The Verdict (1946 film)

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The Verdict
The Verdict.jpg
theatrical releaseposter
Directed by Don Siegel
Produced by William Jacobs
Screenplay by Peter Milne
Based on The Big Bow Mystery (novel) 
by Israel Zangwill
Starring Sydney Greenstreet
Peter Lorre
Music by Frederick Hollander
Cinematography Ernest Haller
Edited by Thomas Reilly
Distributed by Warner Bros.
Release dates
  • November 23, 1946 (1946-11-23) (US)
Running time 86 minutes
Country United States
Language English

The Verdict is a 1946 film noir mystery drama directed by Don Siegel and written by Peter Milne, based on Israel Zangwill's 1892 novel The Big Bow Mystery. It stars Sydney Greenstreet and Peter Lorre in one of their nine film pairings, as well as Joan Lorring and George Coulouris.[1]

The Verdict was Siegel's first full-length feature film.

Plot[edit]

George Edward Grodman (Sidney Greenstreet), a respected superintendent at Scotland Yard in 1890, makes a mistake in an investigation that causes the execution of an innocent man. He takes the blame for his error, is dismissed from his position as superintendent and replaced by the obnoxious and gloating John Buckley (George Coulouris).

Soured by the turn of events, Grodman sets out to make Buckley look too inept to perform his new job. He enlists the aid of his macabre artist friend, Victor Emmric (Peter Lorre), and when a mysterious murder occurs, they realize their chance to ruin Buckley may have arrived.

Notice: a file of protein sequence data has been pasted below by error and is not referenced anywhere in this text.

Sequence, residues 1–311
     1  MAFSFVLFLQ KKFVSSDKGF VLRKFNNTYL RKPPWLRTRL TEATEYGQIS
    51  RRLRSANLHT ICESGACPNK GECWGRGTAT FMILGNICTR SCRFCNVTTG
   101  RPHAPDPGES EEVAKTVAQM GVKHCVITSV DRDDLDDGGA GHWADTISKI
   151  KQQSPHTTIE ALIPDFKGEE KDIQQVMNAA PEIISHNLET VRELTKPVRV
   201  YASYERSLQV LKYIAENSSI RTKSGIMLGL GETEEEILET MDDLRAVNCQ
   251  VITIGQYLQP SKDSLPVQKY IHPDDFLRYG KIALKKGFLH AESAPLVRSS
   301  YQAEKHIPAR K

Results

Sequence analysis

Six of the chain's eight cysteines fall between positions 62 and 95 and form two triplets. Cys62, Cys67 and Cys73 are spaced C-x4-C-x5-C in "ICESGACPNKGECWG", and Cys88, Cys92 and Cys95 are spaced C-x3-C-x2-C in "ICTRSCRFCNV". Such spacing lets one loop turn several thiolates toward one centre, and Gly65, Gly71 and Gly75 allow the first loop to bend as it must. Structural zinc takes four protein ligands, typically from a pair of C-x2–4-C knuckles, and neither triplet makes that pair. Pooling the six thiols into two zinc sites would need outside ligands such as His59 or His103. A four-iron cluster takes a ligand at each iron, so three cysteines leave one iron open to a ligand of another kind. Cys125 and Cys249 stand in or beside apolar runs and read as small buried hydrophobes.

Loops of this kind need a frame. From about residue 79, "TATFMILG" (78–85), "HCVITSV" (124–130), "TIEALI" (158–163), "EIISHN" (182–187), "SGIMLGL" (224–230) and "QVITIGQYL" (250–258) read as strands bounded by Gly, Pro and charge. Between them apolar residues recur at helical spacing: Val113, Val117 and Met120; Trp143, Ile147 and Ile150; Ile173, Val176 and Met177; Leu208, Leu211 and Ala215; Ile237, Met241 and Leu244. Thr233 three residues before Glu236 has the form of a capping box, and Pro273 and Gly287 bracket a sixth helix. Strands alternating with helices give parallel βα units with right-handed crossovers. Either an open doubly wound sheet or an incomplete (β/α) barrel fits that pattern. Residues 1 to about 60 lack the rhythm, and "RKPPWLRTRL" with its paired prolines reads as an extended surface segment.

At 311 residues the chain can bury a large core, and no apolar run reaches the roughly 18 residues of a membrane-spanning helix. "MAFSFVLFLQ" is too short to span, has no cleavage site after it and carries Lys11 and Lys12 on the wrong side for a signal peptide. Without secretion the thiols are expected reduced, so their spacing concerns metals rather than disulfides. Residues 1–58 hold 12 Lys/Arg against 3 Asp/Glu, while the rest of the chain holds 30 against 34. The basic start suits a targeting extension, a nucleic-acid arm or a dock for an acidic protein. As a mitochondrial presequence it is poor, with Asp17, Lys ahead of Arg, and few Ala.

Cast[edit]

Cast notes:

  • Ian Wolfe has a bit part as the jury foreman

Reception[edit]

Critical response[edit]

Film critic Dennis Schwartz gave the film a positive review, mostly due to the actors involved, writing, "The directorial debut of Don Siegel ... was the ninth and final film teaming of Sydney Greenstreet and Peter Lorre. The routine crime drama, a studio-bound film set in a foggy Victorian England with Hollywood sets, is about a police officer who takes the law into his own hands to achieve justice ... Though unconvincing and a bit much as 'the perfect crime' yarn, the pairing of Lorre and Greenstreet is always entertaining and a welcome addition to any film despite the staleness of their comic relief act."[2]

References[edit]

Notes

  1. ^ The Verdict at the Internet Movie Database.
  2. ^ Schwartz, Dennis. Ozus' World Movie Reviews, film review, January 25, 2011. Accessed: July 11, 2013.

External links[edit]